6. I hate those times when it feels like everything is happening at once. Modern life seems to be all about being pulled in 50 million directions, which means nothing gets 100% (or even 75%) of your attention. You probably already do this, but when I get overwhelmed I like to make a list of everything I need to do, look at the list, then reorganize it by what’s most important. Then take another look at the list. Are there any things on it that take less than 5 minutes to do? Try doing at least one of those each day. If anything, just having this information in front of me tricks my brain into thinking that it’s more manageable than it is. 🙂 Take care.

    1. I thought making a list would help too–until I did and it was like 15 pages long! And yes, there are several things on it that take just a few minutes. Those tend to be phone calls–which I hate–and thus procrastinate over. That it’s all happening at once is exactly the problem. I can’t organize it linearly because of that.

  7. Also Leslie, please feel free to get in touch with me if you have more questions about diabetes etc. I am not a certified diabetes specialist, but being a nurse I have dealt with it a ton in my career & even helped a doc set up a diabetes group in the primary care office I worked in for awhile. You should have my email, but let me know if you need other contact info like my phone # etc.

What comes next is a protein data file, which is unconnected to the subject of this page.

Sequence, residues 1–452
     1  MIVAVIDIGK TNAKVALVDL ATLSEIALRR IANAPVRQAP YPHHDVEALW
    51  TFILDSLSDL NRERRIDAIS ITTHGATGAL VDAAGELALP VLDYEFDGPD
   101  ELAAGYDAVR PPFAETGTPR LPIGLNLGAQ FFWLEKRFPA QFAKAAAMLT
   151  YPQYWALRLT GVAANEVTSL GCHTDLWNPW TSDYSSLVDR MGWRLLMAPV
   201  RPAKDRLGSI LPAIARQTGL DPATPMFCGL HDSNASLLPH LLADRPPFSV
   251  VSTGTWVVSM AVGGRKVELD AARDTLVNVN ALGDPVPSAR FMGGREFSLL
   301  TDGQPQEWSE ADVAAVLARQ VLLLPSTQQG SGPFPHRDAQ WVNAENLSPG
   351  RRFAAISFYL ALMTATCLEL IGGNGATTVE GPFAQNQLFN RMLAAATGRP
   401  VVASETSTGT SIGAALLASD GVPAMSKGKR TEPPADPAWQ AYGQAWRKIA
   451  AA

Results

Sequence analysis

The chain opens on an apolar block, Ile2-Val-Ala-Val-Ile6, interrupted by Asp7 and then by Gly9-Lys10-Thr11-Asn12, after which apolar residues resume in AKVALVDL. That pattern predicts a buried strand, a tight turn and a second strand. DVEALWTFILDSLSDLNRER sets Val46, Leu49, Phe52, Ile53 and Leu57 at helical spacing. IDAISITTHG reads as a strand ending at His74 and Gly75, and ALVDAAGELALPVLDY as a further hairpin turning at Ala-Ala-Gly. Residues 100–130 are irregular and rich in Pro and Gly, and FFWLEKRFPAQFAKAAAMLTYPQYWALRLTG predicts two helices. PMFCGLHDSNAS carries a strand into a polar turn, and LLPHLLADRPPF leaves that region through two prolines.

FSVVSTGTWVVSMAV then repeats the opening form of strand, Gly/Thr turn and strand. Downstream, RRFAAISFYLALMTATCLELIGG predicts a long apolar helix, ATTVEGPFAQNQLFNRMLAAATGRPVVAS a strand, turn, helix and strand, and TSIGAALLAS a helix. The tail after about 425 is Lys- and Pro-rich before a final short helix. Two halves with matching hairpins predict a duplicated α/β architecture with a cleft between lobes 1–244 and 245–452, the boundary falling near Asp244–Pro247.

1. Thank you! The more I think about it the angrier I am getting. I double-checked with John last night exactly what happened in the phone call and it’s ridiculous. I will email you.

  8. Clisby

    Leslie – I’m not a nutritionist or any kind of health care professional, so take this for what it’s worth. With my father (type 2 diabetes) and my sister (type 1 diabetes) – it wasn’t that sugar was absolutely verboten, but they both had to be disciplined about it. My perception was that the goal was more to control and smooth out blood sugar levels, so they didn’t have peaks and valleys.